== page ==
For the Fifth Assessment Report of the Intergovernmental Panel on Climate Change (IPCC), new development scenarios were created. These “Representative Concentration Pathways” (RCPs) describe anticipated radiative forcings, i.e. the sum of the climate-related disturbances in the atmosphere, in watts per square meter. Model calculations translate the forcing into climatic changes evoked by them and reveal which greenhouse gas emissions they are based on.
Four of these RCPs are taken into account in the Fifth Progress Report: RCP2.6 (relatively low radiative forcing) RCP4.5 (mean radiative forcing) RCP6.0 (high radiative forcing) and RCP8.5 (very high radiative forcing).
The German Climate Computing Centre’s earth system model MPI-ESM helped to investigate how these scenarios affect global temperatures, sea ice melt, the sea level or acidification and carbonate saturation.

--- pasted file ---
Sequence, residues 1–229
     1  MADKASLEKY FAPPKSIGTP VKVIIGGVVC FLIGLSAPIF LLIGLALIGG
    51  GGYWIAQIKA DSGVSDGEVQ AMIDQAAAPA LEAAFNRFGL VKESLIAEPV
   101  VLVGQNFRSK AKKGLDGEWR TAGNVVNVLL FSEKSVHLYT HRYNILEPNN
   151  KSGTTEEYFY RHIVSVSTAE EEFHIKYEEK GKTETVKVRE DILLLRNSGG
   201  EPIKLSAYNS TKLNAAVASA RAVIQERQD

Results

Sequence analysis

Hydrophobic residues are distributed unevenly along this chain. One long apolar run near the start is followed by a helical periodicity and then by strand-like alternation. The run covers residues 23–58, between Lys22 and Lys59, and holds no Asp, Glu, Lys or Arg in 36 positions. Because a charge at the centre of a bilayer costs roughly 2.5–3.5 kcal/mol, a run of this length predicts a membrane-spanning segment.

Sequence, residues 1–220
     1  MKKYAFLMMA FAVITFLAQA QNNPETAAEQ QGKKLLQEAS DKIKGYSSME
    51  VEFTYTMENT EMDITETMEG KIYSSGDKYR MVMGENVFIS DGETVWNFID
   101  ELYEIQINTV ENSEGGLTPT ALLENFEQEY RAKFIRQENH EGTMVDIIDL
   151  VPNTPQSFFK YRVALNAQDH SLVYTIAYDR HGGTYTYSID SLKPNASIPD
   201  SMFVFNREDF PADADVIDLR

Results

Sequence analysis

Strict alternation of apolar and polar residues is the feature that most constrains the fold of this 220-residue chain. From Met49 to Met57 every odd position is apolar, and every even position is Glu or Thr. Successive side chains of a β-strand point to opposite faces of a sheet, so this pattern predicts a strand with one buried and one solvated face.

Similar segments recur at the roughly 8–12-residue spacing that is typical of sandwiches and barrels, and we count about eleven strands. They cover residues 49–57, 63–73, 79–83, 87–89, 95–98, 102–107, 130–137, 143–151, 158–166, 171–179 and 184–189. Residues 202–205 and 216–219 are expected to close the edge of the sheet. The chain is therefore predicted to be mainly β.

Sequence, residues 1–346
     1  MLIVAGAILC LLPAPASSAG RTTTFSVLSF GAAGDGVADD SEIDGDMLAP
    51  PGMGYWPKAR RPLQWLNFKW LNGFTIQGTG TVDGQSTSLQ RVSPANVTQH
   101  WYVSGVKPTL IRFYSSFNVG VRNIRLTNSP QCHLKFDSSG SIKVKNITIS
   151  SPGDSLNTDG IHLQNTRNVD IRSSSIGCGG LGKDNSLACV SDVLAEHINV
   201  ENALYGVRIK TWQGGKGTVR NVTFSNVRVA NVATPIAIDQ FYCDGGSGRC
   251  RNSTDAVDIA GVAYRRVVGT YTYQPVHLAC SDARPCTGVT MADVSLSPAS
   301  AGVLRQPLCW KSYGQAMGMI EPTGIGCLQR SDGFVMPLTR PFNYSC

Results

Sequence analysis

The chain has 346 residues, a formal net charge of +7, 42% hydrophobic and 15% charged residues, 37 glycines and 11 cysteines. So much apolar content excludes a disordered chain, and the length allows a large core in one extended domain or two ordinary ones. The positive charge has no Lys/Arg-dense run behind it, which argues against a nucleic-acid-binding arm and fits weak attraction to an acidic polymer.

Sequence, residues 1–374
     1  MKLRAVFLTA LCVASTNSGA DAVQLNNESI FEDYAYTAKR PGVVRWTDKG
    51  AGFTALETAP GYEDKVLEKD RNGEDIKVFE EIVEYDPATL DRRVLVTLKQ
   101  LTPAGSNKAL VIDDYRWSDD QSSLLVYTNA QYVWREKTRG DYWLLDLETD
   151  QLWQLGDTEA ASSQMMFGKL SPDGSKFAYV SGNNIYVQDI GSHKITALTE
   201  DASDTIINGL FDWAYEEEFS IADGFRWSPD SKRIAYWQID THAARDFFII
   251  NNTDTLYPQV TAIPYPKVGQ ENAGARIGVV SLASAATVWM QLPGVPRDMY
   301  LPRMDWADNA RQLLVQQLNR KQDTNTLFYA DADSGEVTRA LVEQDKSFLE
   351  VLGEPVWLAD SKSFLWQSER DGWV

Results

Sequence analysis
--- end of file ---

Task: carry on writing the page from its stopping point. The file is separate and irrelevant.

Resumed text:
According to these calculations, the global mean temperature would increase by about 4.8 degrees Celsius compared to pre-industrial conditions by the year 2100 in the scenario RCP8.5. Only the scenario RCP2.6 would keep the average global temperature rise below the 2 degrees Celsius. To achieve this goal, global carbon dioxide emissions would have to remain at current levels until 2020 and decline to about 400 ppm (parts per million) by 2100. The particular sensitivity of tropical coral reefs requires such drastic measures: About fifty per cent of coral reefs can be obtained if the temperature rise would be limited to about 1.2 degrees Celsius.
Animation: Temperature changes in the RCP8.5 scenario:
Ocean acidification could be limited considerably with the medium scenario RCP4.5 and stabilize at a pH of slightly more than 7.9 – which still would be about 0.15 units more acidic than today. RCP2.6 suggests a decrease after 2050. However, the ocean reacts so slowly that 200 additional years would pass until today’s conditions would be restored.
Animation: Ocean acidification in the RCP8.5 scenario: